Business News of 2014-02-21

Set up fund for critical economic areas — Dr Kofi Amoah

Enterpreneur and philanthropist, Dr Kofi Amoah, has suggested that the Government should set up a US$1billion fund to finance the growth of the critical areas of the economy.

Speaking at a roundtable discussion on “A New Economic Paradigm for Ghana”, which was organised by an Accra-based radio station, Citi FM, Dr Amoah said initiatives such as agriculture and manufacturing across the 10 regions of the country should speed up economic growth.

Ghana has, in the last few years, suffered some economic downturns with a depreciating currency, high fiscal deficit, soaring unemployment, poverty and a high infrastructure deficit causing analysts to downplay its rise to the lower band of a middle income status.

But the entrepreneur said a strategy based on agriculture, manufacturing and finance would help catapult the economy, create jobs, boost exports and cut poverty substantially.

He said, “The stark conclusion we must accept is that Ghana does not have an economy, and we must begin to build one. I am proposing for the nation the three legs of agriculture, manufacturing and finance”, adding, “To adopt a liberal economic approach at this stage of our development is suicidal,” he said.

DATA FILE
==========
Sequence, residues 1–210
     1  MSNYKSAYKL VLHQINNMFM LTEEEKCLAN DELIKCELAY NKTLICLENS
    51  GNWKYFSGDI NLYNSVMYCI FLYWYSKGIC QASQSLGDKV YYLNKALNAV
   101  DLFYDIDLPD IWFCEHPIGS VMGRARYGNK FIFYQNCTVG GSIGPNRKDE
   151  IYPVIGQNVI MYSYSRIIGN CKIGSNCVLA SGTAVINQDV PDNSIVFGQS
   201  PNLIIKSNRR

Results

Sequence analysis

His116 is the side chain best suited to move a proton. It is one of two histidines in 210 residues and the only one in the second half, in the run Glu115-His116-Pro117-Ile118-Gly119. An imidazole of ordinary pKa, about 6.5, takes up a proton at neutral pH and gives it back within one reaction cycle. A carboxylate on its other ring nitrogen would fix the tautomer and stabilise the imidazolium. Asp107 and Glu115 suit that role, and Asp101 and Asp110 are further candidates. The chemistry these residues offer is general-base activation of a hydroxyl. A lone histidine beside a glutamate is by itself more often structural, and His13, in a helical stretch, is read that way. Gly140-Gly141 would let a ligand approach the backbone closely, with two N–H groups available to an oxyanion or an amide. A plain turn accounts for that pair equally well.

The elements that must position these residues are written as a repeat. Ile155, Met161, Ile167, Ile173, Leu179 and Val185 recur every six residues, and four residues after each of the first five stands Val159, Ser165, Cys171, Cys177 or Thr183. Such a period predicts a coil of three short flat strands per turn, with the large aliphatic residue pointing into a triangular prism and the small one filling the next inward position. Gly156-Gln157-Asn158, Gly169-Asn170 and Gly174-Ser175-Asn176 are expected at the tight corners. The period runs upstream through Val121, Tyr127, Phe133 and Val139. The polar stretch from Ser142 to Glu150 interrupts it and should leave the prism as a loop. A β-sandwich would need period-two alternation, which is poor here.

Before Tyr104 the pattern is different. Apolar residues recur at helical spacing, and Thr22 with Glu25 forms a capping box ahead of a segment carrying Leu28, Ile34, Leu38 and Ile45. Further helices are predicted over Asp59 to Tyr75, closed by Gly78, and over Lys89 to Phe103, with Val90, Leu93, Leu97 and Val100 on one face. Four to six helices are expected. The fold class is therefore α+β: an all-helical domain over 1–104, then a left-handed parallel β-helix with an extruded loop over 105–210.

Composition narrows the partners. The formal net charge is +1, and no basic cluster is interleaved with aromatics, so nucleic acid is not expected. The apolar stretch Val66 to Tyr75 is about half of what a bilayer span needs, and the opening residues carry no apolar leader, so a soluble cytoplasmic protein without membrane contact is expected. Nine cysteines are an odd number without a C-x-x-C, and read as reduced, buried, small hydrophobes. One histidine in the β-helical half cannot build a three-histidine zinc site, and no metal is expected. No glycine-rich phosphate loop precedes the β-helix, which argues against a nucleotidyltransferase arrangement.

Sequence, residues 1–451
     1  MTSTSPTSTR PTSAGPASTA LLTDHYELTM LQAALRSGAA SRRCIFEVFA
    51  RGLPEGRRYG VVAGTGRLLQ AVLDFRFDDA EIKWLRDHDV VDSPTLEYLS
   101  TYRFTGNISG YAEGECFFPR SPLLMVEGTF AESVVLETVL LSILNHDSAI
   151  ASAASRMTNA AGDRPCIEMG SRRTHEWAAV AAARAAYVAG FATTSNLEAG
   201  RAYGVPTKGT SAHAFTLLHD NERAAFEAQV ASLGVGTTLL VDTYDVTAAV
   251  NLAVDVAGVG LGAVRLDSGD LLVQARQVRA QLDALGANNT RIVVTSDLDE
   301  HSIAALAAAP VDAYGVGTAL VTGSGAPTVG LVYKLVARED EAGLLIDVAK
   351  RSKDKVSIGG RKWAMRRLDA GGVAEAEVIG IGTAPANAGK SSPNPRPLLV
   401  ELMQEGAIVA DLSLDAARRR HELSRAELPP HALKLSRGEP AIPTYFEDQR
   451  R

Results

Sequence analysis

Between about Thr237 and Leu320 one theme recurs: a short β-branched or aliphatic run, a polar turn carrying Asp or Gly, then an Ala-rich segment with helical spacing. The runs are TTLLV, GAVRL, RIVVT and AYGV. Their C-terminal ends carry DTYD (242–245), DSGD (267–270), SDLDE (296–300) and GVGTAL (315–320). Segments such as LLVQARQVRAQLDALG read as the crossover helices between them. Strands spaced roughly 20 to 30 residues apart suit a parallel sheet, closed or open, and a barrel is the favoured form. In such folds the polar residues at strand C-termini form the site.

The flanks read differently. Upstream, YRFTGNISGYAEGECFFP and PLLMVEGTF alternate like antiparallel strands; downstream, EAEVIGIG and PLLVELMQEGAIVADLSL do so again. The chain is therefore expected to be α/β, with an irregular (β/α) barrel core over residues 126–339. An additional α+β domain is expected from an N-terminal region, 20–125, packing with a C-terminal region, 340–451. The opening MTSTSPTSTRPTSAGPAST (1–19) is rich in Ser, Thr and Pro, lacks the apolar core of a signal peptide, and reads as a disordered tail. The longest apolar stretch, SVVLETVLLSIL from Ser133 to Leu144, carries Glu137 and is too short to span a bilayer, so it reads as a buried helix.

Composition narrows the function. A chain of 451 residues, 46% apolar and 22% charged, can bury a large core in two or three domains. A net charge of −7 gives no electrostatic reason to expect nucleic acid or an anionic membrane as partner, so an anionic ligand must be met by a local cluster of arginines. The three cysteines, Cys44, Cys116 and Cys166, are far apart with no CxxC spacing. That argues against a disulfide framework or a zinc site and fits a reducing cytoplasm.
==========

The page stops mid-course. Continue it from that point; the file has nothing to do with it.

Dr Amoah, who is also advocating for the protection of local industries and the institution of subsidies for farmers and manufacturers, said no nation was ever transformed without an activist state.

But a renowned economist on the panel, Mr Kwame Pianim, disagreed with him on the issue of state subsidies and cautioned against a protectionist trade policy– saying both strategies were applied in the past but failed.

According to him, protectionism breeds inefficiency in local producers and limits the size of their market, whereas an open economy creates new markets and brings competition that reduces prices and improves the quality of goods.

“We’re too small to do import substitution behind tariff walls. We’ve been there before. It didn’t work and we cannot go back, ” Dr Amoah noted.

He said the economy must remain private-sector led, with government providing a stable macroeconomy, infrastructure, energy, a regulatory framework and institutions that deliver modern, as well as efficient public services.

On BoG forex directives

Mr Pianim also cautioned that the string of control measures instituted by the Bank of Ghana to halt the fall of the cedi would not work.

“…In the final analysis, the Bank of Ghana measures will simply be a blip. It was a panic and it will not work,” Mr Pianim predicted.

According to him, “we’ve seen it before. Administrative controls, regulations have never worked in Ghana”.

“…It will not work. We’ll go back to the current market, to the black market and foreign exchange, and investors may not be coming, exporters will keep part of their foreign exchange outside and all of us Ghanaians will keep our working balances in London or in New York, when we get there we sign a cheque. We are not going to bring the cedis here. So you’ve dealt with the stock problem [but] the flow problem you haven’t dealt with. The foreign exchange that will be flowing will not come because of these measures but the stock ones, you can eat it but nothing is coming again”.

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